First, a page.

Transfer costs - data that crosses Microsoft's data center boundaries is subject to transfer charges.
Azure Table Storage (ATS) costs - charge by gigabyte per month for the amount of space used
ATS transaction costs - charges for the amount of requests to ATS your application will make
Size of the SQL Azure databases - every database that you host in SQL Azure is charged by size

There are costs for other less frequently used services like Azure AppFabric or Content Delivery Network (CDN) that are not covered in this article.

Tip 1 - Avoid crossing data center boundaries

This is fairly straightforward.  Data that does not leave Microsoft data center is not subject to Transfer charges.  Keep your communication between compute nodes, SQL Azure, and Table Storage within the same data center as much as possible.  This is especially important for applications distributed among multiple geo-locations.  If you must communicate between different geo-locations, limit communication to non-transactional, batch calls that occur less frequently while utilizing compression where it makes sense to cut down on the amount of data transferred.  Employ caching technologies where possible.

Tip 2 - Minimize the number of compute hours by using auto scaling

Compute hours will likely make up the largest part of your Azure bill and thus need to receive the greatest amount of attention.  It is important to remember that Windows Azure does not automatically scale down the number of compute nodes, even if there is little or no demand on your application.  Architect for and plan to have an automatic scaling strategy in place, where the amount of nodes increases when demand spikes up and decreases when demand tapers off.  This can easily cut your bill for compute hours in half.  Implementing a comprehensive auto-scaling engine can be more complex than it sounds.  While there are a number of open-source examples that show the basics of how this can be done, it is also a perfect opportunity to outsource the auto-scaling to third party services such as AzureWatch.

In order for auto-scaling to be most effective, group your system components by their scaling strategies into Azure Roles.  It is important to keep in mind that if you need high availability of your components and want to take advantage of Azure SLA, you will need to maintain at least two online nodes for each Azure Role you have deployed.

Tip 3 - Use both Azure Table Storage (ATS) and SQL Azure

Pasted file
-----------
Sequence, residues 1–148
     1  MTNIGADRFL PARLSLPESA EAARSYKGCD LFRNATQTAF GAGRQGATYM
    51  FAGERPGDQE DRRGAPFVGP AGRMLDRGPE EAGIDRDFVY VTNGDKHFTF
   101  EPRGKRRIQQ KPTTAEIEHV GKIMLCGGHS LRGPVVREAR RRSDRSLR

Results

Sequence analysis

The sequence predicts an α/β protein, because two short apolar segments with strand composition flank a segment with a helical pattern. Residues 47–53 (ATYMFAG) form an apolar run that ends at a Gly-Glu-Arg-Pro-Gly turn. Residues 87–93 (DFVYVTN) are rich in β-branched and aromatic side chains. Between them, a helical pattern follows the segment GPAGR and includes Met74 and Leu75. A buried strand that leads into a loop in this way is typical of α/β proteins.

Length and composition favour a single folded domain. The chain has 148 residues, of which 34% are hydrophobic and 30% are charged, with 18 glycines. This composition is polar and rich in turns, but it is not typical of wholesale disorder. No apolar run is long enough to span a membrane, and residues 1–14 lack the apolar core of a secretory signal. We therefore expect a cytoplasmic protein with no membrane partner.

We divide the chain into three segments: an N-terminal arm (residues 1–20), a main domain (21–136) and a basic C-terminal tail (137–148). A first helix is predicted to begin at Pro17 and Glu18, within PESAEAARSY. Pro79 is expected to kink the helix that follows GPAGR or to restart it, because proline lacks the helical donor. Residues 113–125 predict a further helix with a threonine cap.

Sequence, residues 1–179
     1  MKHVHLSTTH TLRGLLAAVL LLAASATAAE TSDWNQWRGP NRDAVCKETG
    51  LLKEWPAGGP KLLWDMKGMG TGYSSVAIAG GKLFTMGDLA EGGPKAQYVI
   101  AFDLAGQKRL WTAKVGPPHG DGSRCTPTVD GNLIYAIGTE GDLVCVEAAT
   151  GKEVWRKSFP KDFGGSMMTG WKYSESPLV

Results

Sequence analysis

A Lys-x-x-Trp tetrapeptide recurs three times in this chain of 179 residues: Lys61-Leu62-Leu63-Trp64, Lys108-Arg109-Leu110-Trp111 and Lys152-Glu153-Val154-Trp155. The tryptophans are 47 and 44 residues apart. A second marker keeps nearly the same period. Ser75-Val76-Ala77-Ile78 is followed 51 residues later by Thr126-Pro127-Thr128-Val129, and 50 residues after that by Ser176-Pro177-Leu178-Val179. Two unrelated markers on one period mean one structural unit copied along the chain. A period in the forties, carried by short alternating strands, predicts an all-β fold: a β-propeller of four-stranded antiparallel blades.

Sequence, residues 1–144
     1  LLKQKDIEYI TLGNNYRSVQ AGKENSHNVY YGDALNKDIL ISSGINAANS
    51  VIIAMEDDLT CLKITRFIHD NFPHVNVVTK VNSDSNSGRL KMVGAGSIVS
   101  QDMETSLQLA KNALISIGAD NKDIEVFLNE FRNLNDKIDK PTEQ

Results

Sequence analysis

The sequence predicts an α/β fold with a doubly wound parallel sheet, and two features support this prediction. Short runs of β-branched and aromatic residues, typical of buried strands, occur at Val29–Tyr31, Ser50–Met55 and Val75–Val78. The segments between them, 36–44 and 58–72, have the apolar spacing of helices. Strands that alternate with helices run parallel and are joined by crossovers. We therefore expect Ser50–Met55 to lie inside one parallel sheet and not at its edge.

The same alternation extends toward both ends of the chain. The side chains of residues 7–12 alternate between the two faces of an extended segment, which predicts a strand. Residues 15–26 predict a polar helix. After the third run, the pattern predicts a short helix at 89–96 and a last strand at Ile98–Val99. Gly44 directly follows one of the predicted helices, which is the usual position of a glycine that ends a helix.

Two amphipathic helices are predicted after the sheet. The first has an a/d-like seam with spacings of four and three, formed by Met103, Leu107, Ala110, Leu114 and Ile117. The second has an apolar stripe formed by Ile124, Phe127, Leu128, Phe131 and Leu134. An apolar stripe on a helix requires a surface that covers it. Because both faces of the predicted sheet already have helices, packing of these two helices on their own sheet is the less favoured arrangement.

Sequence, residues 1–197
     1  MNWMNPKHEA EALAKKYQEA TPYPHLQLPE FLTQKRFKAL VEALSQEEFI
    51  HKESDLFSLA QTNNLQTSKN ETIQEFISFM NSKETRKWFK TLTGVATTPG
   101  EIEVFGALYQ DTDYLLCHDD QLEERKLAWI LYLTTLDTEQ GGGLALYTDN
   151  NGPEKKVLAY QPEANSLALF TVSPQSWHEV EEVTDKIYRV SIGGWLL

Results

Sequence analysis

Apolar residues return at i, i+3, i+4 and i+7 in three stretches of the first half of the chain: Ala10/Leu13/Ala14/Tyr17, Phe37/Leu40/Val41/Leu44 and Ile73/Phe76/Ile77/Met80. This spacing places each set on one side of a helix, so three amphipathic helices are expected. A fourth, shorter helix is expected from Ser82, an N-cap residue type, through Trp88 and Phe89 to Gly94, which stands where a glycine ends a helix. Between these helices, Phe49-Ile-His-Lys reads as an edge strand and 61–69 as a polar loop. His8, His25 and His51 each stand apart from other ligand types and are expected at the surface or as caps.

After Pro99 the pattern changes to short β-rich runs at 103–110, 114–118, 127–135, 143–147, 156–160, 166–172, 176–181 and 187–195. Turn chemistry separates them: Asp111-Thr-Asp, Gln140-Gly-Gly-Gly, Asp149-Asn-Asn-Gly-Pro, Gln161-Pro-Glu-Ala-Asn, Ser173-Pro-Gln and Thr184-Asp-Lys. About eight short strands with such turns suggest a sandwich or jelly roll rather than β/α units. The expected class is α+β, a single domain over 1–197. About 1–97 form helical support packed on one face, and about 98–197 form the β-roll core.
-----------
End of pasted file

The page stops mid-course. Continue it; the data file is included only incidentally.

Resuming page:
Try to not limit yourself to a choice between ATS or SQL Azure.  Instead, it would be best to figure out when to use both together to your advantage.  This is likely to be one of the tougher decisions that architects will need to make, as there are many compromises between relational storage of SQL Azure and highly scalable storage of ATS.  Neither technology is perfect for every situation.

On one hand accessing SQL Azure from within the boundaries of a data center is free and SQL Azure offers a familiar relational model which most developers will be comfortable with, transactions that assure data integrity, integration with popular ORM frameworks such as Entity Framework or NHibernate, and compatibility with numerous tools that work with relational databases.  On the other hand, ATS offers vastly greater scalability than SQL Azure and can hold a nearly infinite amount of data at a fraction of SQL Azure's cost.  You are charged, however, for every request made to ATS, even within the boundaries of a data center.

From a cost perspective, SQL Azure makes sense when access to data is not required to be highly scalable and when the amount of data is limited.  ATS makes sense for large amounts of data or when serious scalability is needed.

Tip 4 - ATS table modeling

If you have made the choice to use Azure Table Storage, you have essentially committed to converting parts of your data access components into mini database servers.  Setting Blob storage aside which is primarily used for media files or documents, ATS provides three levels of data hierarchy (Table, PartitionKey, and RowKey) that can be accessed and navigated extremely efficiently.  However, anything beyond that will require custom code and CPU cycles of your compute nodes.  This is the key difference to work around.  It would be prudent to spend a significant amount of time modeling table storage with appropriate Blobs, Tables, PartitionKeys and RowKeys to accommodate for efficient data storage and retrieval strategies.  This will not only speed up your transactions and minimize the amount of data transferred in and out of ATS, but also reduce the burden on you compute nodes that will be required to manipulate data and directly translate into cost savings across the board.

Tip 5 - Data purging in ATS

Because you are charged for every gigabyte stored in ATS, it may be prudent to have a data purging strategy.  However, while it may seem like a straightforward problem in a world of relational databases, this is not the case with ATS.  Since ATS is not relational, deletion of each and every row from an ATS table requires two transactions.  In certain cases it may be possible to delete a single row using only one transaction.  Either way, this is extremely slow, inefficient and expensive.  A better way would be to partition a single table into multiple versions (e.g. Sales2010, Sales2011, Sales2012, etc.) and purge obsolete data by deleting a version of a table at a time.

Conclusion

Shift to cloud computing represents a major leap forward and enables almost everyone, from small companies to large enterprise, reduce their capital expenses, minimize time to market and significantly decrease support costs.  By investing even small effort into planning ahead, cloud computing can result in meaningful savings and benefits.



Setup auto-scaling for your Windows Azure applications in under 10 minutes!

clock November 10, 2010 15:26 by author Igor Papirov